In BaseBall Houston (30-9) gave Walter Rook (5-0) plenty of run support and a short day as the host Mustangs rolled over Central 15-1 in a Region 8-AAA semiinal that lasted just 4 ½ innings. … Germantown blanked White Station 5-0 to advance to Wednesday’s regional inals at Houston.
In soccer St. George’s won the Division 2-A West Region title by defeating University School of Jackson 3-0. The Gryphons (9-4-5) got goals from Colin Kraus, James Harris and John Hankes. ... Evangelical Christian School won the third-place match 6-1 over Harding. James Bedwell scored twice, Michel Swift added a goal and an assist and keeper William Merriman had a clean sheet as MUS (8-6-1) scored a 4-0 Division 2-AA Sub-State round win over Briarcrest (2-12).
In softBall Host Collierville (3310-1) racked up 10 runs in the irst inning and Kelsey Gross (14-6-1) needed just three innings of no-hit work as the Dragons put away Central (9-11) 16-0 in
Region semifinals Collierville’s Jacqueline Conlan makes a play behind the plate in the District 15-AAA title game.
Dragons twice top Houston to win district By norm Kennel Special to The Weekly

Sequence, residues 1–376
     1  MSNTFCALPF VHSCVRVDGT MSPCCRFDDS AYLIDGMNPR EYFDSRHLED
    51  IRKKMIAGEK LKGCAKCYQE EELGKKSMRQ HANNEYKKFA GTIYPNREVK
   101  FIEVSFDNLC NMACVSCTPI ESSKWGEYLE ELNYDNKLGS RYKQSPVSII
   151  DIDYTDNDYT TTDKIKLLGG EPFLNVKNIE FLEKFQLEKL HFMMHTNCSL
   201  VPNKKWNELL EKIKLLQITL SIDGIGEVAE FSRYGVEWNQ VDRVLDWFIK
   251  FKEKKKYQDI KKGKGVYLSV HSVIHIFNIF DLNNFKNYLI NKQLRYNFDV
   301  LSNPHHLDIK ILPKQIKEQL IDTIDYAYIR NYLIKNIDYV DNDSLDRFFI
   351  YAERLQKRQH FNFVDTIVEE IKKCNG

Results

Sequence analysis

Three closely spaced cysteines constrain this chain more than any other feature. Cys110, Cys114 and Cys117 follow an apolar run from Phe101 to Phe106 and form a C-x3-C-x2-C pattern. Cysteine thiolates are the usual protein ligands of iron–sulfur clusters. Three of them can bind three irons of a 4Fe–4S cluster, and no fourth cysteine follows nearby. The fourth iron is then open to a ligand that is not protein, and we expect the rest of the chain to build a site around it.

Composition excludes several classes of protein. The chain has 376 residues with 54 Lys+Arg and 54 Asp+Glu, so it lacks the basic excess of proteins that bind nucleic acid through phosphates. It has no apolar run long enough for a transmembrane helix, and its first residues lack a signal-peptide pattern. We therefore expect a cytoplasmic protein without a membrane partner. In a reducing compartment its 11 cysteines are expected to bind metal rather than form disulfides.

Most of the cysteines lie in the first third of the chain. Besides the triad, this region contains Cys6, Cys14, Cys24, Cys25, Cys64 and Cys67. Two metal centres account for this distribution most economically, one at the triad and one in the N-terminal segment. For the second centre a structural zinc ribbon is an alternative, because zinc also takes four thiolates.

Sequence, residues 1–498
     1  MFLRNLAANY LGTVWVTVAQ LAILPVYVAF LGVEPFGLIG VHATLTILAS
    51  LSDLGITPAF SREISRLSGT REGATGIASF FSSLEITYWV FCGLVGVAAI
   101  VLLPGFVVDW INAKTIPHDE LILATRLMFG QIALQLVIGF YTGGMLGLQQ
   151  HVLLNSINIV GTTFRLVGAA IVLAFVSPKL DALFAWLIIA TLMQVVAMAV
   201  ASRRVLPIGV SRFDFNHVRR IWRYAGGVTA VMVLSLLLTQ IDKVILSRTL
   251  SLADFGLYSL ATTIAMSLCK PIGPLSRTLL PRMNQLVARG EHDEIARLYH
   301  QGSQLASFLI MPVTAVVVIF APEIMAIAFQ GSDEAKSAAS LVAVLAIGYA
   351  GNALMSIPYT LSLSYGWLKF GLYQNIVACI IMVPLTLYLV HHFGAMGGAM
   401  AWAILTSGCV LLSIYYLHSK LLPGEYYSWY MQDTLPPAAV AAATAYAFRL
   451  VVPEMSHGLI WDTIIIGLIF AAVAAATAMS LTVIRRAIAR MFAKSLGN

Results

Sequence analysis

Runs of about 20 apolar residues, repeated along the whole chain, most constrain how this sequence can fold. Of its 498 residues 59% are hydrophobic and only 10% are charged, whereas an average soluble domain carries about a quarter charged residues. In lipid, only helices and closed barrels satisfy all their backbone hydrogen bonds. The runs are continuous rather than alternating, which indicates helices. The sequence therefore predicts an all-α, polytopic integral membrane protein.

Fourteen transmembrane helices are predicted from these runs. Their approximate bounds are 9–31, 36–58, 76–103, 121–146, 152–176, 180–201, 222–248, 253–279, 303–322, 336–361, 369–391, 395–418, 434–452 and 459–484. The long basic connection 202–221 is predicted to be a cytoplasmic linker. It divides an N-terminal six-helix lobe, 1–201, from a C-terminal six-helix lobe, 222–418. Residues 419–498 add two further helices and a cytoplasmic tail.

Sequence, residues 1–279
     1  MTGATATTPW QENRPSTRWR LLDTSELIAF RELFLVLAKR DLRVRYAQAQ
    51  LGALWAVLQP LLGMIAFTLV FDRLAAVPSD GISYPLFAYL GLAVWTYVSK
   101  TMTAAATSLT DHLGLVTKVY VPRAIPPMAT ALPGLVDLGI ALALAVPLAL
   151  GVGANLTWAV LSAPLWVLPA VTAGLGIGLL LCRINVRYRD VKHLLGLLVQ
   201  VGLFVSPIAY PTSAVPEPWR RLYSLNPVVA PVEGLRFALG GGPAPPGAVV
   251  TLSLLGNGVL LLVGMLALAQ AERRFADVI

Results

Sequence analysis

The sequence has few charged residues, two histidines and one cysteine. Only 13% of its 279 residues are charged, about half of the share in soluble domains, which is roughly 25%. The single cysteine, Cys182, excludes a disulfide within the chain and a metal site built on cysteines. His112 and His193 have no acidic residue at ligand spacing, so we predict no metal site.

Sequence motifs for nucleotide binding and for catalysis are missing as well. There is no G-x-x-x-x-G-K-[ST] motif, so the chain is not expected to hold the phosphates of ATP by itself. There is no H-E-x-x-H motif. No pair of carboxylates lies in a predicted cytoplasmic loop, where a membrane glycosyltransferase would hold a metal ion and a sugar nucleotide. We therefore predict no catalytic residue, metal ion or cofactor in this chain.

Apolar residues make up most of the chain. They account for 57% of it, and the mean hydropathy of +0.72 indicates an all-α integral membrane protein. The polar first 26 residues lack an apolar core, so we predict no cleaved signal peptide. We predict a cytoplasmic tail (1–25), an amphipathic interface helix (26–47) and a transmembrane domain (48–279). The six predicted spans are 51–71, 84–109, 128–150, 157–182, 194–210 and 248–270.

The Collierville High School softball team won the District 15-AAA softball tournament the hard way by defeating Houston twice on May 7. In the irst game, junior Bayleigh Wisher got the win by tossing seven innings of shutout ball in a 6-0 victory. She struck out 12, walked one and surrendered eight hits. Sophomore Kelsey Gross racked up two RBIs on one hit when she hit her sixth homer of the season in the irst inning. Freshman Sydney Eubank hit her irst homer of the year in the second inning. The Dragons also scored two runs in the sixth to cement the game and get the chance to play one more game for the championship on an RBI double by junior Hannah Oliver and an RBI single by junior Brooke Castillo. Junior Kari Kennel went 3-3 in the game at the plate. In the second game Kelsey Gross pitched seven strong innings to carry the Lady Dragons to a 2-1 win over Houston to clinch the tournament championship. The Dragons came from behind to score two runs in the sixth inning. Hannah Oliver doubled to get on base and went from second to third on a single by junior Brooke Castillo. Kelsey Gross drove in both Dragon runners with a single. Norm kennel is a team parent.